|Andrea Riseborough, Andre Royo, Owen Teague, Stephen Root, Marc Maron, Allison Janney
|March 9, 2023
A talking point in this year’s awards season has been the unexpected emergence of 41-year-old English actress Andrea Riseborough. After being overlooked for a nod at the Golden Globe, Critics’ Choice, BAFTA, and SAG Awards, she pulled off a surprise Oscar nomination for her lead performance in the low-budget independent film, To Leslie.
So shocking was Riseborough’s nomination that the Academy of Arts and Sciences launched an internal investigation to see if something was amiss. How could a film with no box-office and no publicity earn a nomination? Yes, big studios pump millions of dollars into award campaigns each year but the Academy has “guidelines” in place to prevent forceful, over-the-top campaigning. Whether these rules achieve anything is debatable but it’s clear the governing body wants winners and nominees selected on merit as opposed to influence, power and money.
The results of the investigation were announced five weeks ago with the Academy allowing Riseborough to keep her nomination but noting they “did discover social media and outreach campaigning tactics that caused concern.” It’s probably the right result. Given how many people were spruiking the performance (even Cate Blanchett did it during her Critics’ Choice Award acceptance speech), rescinding the first-time nod would have caused a shit storm with the potential to overshadow the eventual Oscar winner (likely to be Blanchett or Michelle Yeoh).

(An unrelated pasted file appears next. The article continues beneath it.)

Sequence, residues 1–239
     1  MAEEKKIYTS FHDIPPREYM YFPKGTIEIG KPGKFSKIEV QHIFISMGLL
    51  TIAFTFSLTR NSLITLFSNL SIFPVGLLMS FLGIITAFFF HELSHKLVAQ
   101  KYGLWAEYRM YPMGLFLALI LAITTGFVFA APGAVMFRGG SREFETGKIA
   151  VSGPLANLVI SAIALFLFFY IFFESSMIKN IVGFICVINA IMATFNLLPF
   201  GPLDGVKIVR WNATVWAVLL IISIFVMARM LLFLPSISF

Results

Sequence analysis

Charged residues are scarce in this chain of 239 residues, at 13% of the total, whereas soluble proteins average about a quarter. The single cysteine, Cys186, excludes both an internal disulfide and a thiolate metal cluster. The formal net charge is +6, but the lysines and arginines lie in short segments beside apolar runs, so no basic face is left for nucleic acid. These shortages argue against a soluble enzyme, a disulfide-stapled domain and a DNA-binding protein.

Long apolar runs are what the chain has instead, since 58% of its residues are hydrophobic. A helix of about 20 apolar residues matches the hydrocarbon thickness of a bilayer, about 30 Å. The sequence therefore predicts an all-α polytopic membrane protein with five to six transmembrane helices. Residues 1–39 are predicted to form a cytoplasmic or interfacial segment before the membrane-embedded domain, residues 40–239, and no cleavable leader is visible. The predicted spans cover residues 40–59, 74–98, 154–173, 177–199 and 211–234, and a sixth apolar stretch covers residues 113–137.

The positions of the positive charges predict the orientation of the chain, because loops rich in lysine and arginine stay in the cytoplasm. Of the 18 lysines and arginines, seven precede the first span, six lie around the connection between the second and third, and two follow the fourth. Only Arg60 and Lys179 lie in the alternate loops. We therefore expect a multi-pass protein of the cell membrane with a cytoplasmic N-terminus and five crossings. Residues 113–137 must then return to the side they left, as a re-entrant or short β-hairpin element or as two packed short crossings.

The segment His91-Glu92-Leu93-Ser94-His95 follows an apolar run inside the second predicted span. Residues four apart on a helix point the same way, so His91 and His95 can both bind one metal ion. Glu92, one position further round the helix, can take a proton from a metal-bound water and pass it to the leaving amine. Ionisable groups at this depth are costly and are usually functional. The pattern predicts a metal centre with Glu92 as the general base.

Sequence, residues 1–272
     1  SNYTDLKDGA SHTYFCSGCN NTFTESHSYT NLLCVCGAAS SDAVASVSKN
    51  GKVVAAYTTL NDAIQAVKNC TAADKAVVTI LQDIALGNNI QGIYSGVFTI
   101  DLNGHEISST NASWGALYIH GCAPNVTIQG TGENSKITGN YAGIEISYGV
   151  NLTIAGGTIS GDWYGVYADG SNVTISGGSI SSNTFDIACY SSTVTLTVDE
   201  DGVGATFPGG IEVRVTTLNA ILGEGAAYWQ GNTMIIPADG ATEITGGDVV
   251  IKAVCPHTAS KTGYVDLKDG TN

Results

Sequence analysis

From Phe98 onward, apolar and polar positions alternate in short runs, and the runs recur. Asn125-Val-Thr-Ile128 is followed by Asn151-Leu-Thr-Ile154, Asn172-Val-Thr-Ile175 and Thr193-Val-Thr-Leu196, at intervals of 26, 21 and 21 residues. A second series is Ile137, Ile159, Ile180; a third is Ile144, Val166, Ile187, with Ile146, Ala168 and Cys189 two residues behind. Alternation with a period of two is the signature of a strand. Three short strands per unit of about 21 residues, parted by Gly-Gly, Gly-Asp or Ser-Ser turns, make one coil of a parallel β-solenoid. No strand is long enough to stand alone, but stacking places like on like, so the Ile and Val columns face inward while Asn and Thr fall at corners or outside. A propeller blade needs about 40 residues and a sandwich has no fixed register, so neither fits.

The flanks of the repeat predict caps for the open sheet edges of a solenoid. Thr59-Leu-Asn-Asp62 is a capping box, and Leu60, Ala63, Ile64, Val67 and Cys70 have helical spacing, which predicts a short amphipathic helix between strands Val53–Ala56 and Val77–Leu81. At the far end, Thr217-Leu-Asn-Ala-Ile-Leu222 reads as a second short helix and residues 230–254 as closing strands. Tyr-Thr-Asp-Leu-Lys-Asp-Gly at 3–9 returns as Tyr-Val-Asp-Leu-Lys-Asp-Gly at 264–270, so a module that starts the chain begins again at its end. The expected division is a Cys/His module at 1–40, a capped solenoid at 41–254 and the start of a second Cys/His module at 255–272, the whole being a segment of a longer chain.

Putting all that to the side and looking at the film itself, it does deserve attention because of Riseborough’s terrific leading turn. She plays the title character of Leslie, a middle-aged mother who won $190,000 in the lottery six years ago but is now homeless and penniless. She is a walking train wreck who pissed the money away on cigarettes and alcohol and, in the process, destroyed relationships she had with friends and her teenage son. As the film begins, she’s hit rock bottom… and those rocks are pretty sharp.
The film revolves around her efforts to make a fresh start and get things back on track. That won’t be easy. There’s no shortage of semi-reluctant people willing to help but Leslie is her own worst enemy. Her now 19-year-old son lets her stay briefly at his apartment but, after Leslie steals money from his flatmate to spend on booze, he says “I’m not going to do this again” and immediately kicks her out. It makes you wonder if some folk are beyond forgiveness and redemption.
The self-destruction gets repetitive in the middle act but I still admired this film as an interesting character study. Leslie will lie and say anything to cover for her own mistakes and problems. She’s a tortured, deluded soul and audiences will have varying levels of sympathy when judging her. With a supporting cast including Allison Janney, Stephen Root, and a very good Marc Maron, To Leslie deserves its current 15 minutes of fame.